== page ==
Opinion editor's note: Editorials represent the opinions of the Star Tribune Editorial Board, which operates independently from the newsroom.

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More than 336 million people live in America: Only 100 are U.S. senators. The Minnesota Republican Party thinks Royce White, who was endorsed this month at the GOP's state convention, should be one of them. That's unfortunate for the party and for Minnesota.

Mostly known for his high school, college and professional basketball career, White has never held elected office. He lost the GOP primary for Minnesota's Fifth District congressional seat in 2022, but reportedly found enough extra campaign funds to spend on a strip club in Miami, limousine services in Florida and Georgia, expensive hotels in Tennessee, Georgia and even the Wisconsin Dells, as well as a Best Buy in Texas, local Guitar Center stores and elsewhere, according to a Star Tribune report on White's campaign expenditure records.

The transactions were "very modest," White told the Star Tribune.

Actually, "it's equal to or exceeds George Santos levels of abusing campaign finance rules," Brett Kappel, a national expert on campaign finance law, told reporters, referring to the former representative from New York who was expelled by the U.S. House.

White was introduced to the state convention via video by Steve Bannon, the former White House operative who faces four months in prison for ignoring a subpoena from the House's Jan. 6 Committee. Bannon hasn't been silent in lying about the "stolen" 2020 election, however.

Beyond Bannon, White's aligned himself with another proven liar, the vile conspiracy theorist Alex Jones, whose photo, like Bannon's, is on White's campaign website. White's made numerous media appearances with both men, and according to reporting from New York Times columnist Michelle Goldberg, the GOP nominee told Bannon on his podcast that "women have become too mouthy."

Elsewhere, Goldberg reports, "White denounced the 'Jewish lobby' and the 'Jewish elite' and called Israel 'the linchpin of the new world order." Amid high-profile congressional hearings on campus antisemitism, it's breathtakingly hypocritical for Republicans to endorse someone who makes such characterizations. When asked by the Star Tribune about his history of antisemitic language and attacks on critics, White, who is Black, said "The Black community is a very vulgar community culturally, and just in general."

The endorsee's personal background is also deeply troubling. According to a report in the Star Tribune, in 2020 White pleaded guilty to violating an order for protection from the mother of two of his children. Additionally, "Court records show White has faced multiple housing evictions in the past two years, including a $15,000 default judgment after he failed to respond to a housing claim for months of unpaid rent. White's landlord claimed he stopped paying rent in April 2020, and that despite the landlord receiving more than $41,000 from a federally funded rental assistance program on White's behalf, White did not make subsequent payments on an outstanding debt of nearly $9,000."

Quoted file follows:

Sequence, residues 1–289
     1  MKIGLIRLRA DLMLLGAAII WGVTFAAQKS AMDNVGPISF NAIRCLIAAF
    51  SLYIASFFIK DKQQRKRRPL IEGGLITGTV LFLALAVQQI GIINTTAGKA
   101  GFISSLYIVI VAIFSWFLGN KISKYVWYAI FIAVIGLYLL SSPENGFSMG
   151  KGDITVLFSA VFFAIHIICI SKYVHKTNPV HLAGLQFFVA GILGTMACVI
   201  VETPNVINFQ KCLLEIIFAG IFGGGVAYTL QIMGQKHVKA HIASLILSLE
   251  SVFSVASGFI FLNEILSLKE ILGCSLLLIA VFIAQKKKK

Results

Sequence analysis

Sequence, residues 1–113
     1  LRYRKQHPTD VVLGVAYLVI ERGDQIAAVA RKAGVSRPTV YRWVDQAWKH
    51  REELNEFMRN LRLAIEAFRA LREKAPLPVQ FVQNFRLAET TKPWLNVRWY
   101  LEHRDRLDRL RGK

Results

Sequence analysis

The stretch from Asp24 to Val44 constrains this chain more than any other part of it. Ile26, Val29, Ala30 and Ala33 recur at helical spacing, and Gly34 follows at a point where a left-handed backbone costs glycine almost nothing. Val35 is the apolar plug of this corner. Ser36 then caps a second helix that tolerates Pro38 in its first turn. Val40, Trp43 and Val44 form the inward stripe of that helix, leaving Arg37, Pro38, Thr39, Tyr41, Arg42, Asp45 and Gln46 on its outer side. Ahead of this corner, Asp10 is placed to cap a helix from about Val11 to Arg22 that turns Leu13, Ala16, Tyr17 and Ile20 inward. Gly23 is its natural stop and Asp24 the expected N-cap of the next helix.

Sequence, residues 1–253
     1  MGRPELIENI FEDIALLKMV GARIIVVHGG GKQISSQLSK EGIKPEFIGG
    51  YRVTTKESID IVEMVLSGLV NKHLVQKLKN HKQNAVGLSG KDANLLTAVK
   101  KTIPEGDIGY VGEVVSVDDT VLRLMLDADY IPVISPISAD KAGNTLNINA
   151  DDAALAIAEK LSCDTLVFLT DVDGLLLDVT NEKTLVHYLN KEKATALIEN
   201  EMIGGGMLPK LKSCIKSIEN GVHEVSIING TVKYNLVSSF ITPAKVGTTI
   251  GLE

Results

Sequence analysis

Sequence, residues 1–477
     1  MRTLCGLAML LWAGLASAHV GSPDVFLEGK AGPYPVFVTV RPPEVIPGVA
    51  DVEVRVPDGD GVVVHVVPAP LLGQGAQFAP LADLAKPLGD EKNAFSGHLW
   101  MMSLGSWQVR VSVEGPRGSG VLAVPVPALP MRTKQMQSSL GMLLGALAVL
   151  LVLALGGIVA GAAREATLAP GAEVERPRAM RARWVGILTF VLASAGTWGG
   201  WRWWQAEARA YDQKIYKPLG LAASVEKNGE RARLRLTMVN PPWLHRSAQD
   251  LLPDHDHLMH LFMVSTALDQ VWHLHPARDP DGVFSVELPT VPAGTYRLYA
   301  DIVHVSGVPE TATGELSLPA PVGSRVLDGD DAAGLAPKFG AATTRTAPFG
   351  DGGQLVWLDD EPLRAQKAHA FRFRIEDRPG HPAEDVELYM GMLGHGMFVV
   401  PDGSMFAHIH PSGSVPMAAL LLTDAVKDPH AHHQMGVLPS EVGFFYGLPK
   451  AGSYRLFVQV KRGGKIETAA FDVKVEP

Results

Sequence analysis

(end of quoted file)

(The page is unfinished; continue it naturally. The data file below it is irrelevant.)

Minnesota Republicans had a more palatable Senate candidate in former Naval officer Joe Fraser, who offered more gravitas and, one would think, mainstream appeal in a bid to defeat relatively popular incumbent Amy Klobuchar, the Democrat running for a fourth term. But White, without any of the credibility or credentials of Fraser (let alone Klobuchar) won the nomination with 67% of the vote on the first ballot.

After initially declining an intraparty challenge, Fraser reconsidered and will now enter the August primary. In a statement, Fraser cited low attendance at the convention and White's "history of questionable conduct and serious charges leveled against him" as factors, adding that "it was no longer a question about the party endorsement, but about the choice we, as a party, are offering Minnesotans who are desperately seeking new leadership."

In a year when Republicans hope to not only regain control of the Minnesota House but also make presumptive presidential nominee Donald Trump the first GOP candidate to win the state since Richard Nixon in 1972, putting White near the top of the ticket would likely have political implications. But this issue is bigger than politics. It's about governance, and the idea and ideal that officeholders — especially the select 100 in the Senate — should pull society together, not strive to further divide it.

It's also about the fundamental nature of political parties. Does the state GOP have, let alone enforce, any standards? Or does the party just exist to send out endless appeals for money that is subsequently spent on mostly negative campaign ads that deepen the alienation many feel toward their elected officials, the state and the country?

If the state's Republican Party is up to more than raising campaign cash and is willing to raise candidate standards, now is the time to act. But according to a report by KSTP's Tom Hauser, the state GOP is not moving to rescind White's nomination. If not, it will now be up to Minnesota's Republicans to make their voices heard (and party contributions silent) in a quest to turn the party, the U.S. Senate and ultimately the country in a more constructive direction.